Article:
What would it do? Proposition 61 ensures that state agencies don’t pay any more for a prescription drug than the lowest price paid for the same drug by the United States Department of Veterans Affairs. This would apply to state agencies that do not directly buy the drug, but provide funding for the purchase of it.
What would it do? Proposition 62 would repeal the death penalty as punishment for people found guilty of committing first degree murder. It would apply to those already on death row. How would these criminals be punished? Punishment for such crimes would be replaced by life imprisonment without an option for parole. During their time in prison, these criminals would be put to work. The wages earned by the inmates serving life sentences would be partially deducted and distributed to the families of their victims to pay off debts owed to them.
What would it do? Proposition 63 would pass a series of gun and ammunition regulations. It would require that individuals purchasing gun ammunition pass a background check and receive authorization to buy ammo from the Department of Justice. It would also call for the disposal of ammunition magazines with a high capacity, as well as a ban on future purchases of such magazines. The sale of ammunition is also to be reported to the Department of Justice. It calls for lost or stolen weapons to be reported immediately and bans individuals convicted of stealing firearms from purchasing them. The Department of Justice would also be required to report people prohibited from buying weapons to the National Instant Criminal Background Check System.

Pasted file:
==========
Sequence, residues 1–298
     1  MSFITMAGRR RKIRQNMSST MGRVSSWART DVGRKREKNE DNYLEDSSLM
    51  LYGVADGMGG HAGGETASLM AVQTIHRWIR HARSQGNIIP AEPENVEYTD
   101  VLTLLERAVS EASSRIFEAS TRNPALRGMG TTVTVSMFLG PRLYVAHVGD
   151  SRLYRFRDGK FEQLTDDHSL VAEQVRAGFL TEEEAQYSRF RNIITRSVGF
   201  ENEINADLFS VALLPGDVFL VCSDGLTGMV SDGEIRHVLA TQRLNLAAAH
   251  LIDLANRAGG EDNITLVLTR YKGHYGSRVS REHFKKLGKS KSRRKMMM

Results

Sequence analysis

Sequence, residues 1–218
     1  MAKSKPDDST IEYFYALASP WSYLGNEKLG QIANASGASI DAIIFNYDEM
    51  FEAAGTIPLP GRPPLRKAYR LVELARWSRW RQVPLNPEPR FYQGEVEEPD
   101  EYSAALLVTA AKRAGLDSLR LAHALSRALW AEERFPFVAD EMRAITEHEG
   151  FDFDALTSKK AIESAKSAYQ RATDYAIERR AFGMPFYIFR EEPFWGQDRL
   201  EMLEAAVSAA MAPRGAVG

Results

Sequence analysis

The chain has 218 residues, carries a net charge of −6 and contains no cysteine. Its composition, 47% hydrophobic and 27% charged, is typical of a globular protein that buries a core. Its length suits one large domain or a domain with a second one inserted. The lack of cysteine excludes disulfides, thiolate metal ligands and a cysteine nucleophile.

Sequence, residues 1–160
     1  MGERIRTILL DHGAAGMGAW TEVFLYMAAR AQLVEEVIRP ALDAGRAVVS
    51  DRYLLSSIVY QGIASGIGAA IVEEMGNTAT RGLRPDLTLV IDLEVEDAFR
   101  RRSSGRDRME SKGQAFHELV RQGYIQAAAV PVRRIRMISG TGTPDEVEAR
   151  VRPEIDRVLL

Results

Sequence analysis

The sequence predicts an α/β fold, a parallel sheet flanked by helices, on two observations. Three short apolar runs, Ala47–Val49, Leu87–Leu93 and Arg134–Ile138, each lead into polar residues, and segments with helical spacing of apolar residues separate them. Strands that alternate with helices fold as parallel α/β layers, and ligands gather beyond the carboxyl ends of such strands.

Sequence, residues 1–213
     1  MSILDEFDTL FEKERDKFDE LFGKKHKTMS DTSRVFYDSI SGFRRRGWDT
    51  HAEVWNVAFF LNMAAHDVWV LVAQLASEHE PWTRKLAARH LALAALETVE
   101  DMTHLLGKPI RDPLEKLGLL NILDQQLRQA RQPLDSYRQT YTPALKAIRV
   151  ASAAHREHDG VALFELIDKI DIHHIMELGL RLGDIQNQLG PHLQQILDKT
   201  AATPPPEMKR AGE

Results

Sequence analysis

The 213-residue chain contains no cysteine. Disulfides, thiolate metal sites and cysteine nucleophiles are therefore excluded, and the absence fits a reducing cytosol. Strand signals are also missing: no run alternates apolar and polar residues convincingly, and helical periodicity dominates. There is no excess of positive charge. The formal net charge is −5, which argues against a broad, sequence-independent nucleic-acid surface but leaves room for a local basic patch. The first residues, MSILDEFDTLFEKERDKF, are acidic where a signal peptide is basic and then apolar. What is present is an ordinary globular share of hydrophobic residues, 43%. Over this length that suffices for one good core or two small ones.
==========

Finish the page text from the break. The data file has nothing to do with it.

What would it do? Proposition 64 would legalize the use of marijuana for non-medical purposes on the state level, allowing citizens 21 years old and over to buy and use the drug. State agencies would be given control to regulate the industry. Retail marijuana sales would be taxed 15% and the cost to cultivate the plant would be also be taxed. However, marijuana used for medical reasons would be exempt from certain taxations. “packaging, labeling, advertising, and marketing standards” would be subject to regulations under Prop 64, and advertising directly to minors would be prohibited. Regulations would be established on the local level, allowing counties and cities to decide how these businesses should be handled. Individuals currently serving sentences for previous marijuana offenses would also be granted the opportunity for a re-sentencing under the new measure. Along with this, they could apply to remove marijuana-related infractions from their criminal record.
What would it do? Proposition 67 bans grocery or retail stores from providing plastic bags to their customers. However, plastic bags would be allowed under certain circumstances. Prop 67 also encourages the sale of reusable bags and recyclable paper bags, which would be sold for a minimum of $0.10 per bag.